Hello Michelle, I would pen him next to the chicken and ducks but keep him from directly accessing them, so that he can spend time near them and feel like he is guarding them, but not be able to grab or chase any, until he gets used to simply being near them without bothering. To do this, you can either keep the birds penned and him outside the pen, or set up a pen or him (if you have predators and no other dog to guard the bird, penning the birds would probably be the safest for them. I would also spend time walking him around the area where they are on a long training leash, discouraging him whenever he shows any inappropriate behavior toward them, and praising whenever he does well around them. Best of luck training, Caitlin Crittenden
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Chasing chickens and has actually hurt two and they died. Seems to be playing because obviously he could kill them immediately but he had one for hours before we found it, it was still alive but dies. He is very good natured but we have to stop him or find him a new home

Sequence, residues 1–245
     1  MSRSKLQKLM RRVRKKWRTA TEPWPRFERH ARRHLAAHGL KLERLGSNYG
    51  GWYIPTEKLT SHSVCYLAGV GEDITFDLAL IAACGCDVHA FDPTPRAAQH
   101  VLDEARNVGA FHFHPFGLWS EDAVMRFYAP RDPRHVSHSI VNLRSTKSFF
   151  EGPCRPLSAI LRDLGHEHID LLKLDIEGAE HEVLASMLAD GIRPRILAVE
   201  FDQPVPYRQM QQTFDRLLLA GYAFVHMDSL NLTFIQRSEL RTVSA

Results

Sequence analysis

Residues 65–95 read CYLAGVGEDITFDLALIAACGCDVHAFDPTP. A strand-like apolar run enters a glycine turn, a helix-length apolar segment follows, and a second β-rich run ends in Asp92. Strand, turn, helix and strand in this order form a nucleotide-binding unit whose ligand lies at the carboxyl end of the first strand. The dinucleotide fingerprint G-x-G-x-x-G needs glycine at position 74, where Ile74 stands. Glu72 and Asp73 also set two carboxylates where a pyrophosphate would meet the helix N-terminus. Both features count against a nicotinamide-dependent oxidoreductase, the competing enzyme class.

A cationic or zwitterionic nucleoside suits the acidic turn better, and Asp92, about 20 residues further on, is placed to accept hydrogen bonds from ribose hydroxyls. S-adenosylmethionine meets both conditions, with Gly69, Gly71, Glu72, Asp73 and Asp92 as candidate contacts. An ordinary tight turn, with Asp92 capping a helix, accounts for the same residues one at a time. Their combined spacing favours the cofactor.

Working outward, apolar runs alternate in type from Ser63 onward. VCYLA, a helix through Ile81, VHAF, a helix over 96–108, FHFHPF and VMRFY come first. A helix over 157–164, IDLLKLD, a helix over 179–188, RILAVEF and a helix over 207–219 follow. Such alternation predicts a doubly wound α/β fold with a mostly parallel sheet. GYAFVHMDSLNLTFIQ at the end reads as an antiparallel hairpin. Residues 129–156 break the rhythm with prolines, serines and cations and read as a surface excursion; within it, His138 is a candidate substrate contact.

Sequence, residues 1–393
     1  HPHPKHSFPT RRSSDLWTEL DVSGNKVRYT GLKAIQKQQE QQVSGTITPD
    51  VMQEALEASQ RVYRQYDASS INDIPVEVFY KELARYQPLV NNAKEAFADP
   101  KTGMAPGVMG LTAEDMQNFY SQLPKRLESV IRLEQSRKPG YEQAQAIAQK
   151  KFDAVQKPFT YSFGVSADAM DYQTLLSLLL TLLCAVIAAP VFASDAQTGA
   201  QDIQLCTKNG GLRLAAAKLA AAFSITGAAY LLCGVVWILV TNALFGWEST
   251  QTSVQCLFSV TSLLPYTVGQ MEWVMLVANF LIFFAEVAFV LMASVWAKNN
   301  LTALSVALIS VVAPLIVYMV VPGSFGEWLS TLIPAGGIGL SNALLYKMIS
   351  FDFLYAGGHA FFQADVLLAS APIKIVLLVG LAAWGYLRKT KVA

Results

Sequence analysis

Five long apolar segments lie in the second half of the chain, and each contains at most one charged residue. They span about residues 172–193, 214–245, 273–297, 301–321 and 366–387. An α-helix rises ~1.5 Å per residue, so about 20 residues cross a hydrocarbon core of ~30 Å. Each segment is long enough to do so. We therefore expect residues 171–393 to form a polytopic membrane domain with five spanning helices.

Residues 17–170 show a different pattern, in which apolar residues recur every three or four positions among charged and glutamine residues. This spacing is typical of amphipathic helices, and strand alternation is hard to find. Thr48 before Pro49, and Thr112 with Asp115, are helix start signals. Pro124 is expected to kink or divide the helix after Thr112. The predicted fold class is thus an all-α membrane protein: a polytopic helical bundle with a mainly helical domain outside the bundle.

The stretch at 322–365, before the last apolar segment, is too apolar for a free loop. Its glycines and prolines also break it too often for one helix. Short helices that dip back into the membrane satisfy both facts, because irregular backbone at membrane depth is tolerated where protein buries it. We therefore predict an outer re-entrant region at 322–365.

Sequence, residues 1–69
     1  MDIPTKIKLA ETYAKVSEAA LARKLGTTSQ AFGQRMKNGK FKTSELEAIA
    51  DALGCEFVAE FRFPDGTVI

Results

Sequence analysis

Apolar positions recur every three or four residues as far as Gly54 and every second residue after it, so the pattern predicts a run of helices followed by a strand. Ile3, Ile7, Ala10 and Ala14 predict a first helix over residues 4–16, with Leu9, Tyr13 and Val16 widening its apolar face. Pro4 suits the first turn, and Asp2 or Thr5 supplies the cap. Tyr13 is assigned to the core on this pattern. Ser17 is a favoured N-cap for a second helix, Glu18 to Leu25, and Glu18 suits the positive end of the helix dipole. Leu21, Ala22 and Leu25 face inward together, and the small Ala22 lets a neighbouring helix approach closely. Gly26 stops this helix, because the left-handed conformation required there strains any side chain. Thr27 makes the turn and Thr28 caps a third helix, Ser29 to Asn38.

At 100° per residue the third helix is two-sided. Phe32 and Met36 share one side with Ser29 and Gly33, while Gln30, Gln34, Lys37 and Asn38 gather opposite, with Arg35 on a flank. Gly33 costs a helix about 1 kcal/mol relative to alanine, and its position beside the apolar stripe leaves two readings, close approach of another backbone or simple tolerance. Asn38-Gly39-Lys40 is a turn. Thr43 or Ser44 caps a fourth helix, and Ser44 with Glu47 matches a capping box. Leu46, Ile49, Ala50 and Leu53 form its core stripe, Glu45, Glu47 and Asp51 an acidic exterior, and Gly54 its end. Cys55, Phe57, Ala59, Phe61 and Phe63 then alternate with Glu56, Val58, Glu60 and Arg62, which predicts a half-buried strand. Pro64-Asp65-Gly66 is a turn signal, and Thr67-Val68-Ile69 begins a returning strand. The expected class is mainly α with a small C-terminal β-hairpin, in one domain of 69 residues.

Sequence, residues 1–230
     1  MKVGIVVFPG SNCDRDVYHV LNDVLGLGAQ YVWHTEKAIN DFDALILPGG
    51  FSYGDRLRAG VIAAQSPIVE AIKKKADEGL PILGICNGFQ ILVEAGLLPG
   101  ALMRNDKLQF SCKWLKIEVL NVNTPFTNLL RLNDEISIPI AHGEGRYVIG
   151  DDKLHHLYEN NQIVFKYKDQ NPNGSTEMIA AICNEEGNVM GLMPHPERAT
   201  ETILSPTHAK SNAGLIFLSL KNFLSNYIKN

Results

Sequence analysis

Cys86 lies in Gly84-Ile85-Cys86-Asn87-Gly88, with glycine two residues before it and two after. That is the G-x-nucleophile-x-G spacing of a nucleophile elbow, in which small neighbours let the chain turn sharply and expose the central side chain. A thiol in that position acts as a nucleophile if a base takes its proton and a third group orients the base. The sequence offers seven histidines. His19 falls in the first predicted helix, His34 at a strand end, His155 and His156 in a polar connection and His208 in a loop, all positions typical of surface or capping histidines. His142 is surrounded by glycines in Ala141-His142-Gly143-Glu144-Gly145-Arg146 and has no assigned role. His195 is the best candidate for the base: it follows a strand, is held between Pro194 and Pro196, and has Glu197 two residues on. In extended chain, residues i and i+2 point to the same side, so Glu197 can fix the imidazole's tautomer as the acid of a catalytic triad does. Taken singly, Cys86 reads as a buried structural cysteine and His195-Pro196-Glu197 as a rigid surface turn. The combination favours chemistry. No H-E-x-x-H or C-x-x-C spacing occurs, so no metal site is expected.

Hello Sharon, I would pen him next to the chicken and ducks but keep him from directly accessing them, so that he can spend time near them and feel like he is guarding them, but not be able to grab or chase any, until he gets used to simply being near them without bothering. To do this, you can either keep the birds penned and him outside the pen, or set up a pen or him (if you have predators and no other dog to guard the bird, penning the birds would probably be the safest for them. I would also spend time walking him around the area where they are on a long training leash, discouraging him whenever he shows any inappropriate behavior toward them, and praising whenever he does well around them. Unfortunately, this behavior is more common with young dogs, and the more they practice it while young the worse it can get. Dogs are less likely to guard birds than larger livestock - they don't always create the bond they would when raised with larger animals, needed to protect them. They can guard the birds as part of the larger territory they are used to guarding once pup has developed that instinct. I would also check out some livestock guarding forums, and see what others in your situation have had success with to help along the way. https://www.dogforum.com/threads/lgds-livestock-guardian-dogs-breeds-problematic-behaviors-temp.331882/ https://www.backyardchickens.com/threads/looking-into-getting-great-pyrenees-for-guarding-chickens.654034/ If you are not needing the dog to guard the birds but simply to leave them alone, your chances of accomplishing that are even better. I would work on teaching pup an avoidance of all the chickens instead of focusing on bonding and guarding them. This is often done with the help of a professional trainer who is experienced with low level remote collar training and a long leash and teaching commands like Leave It. Check out James Penrith from TaketheLeadDogTraining on Youtube and his work with livestock chasing animals. Best of luck training, Caitlin Crittenden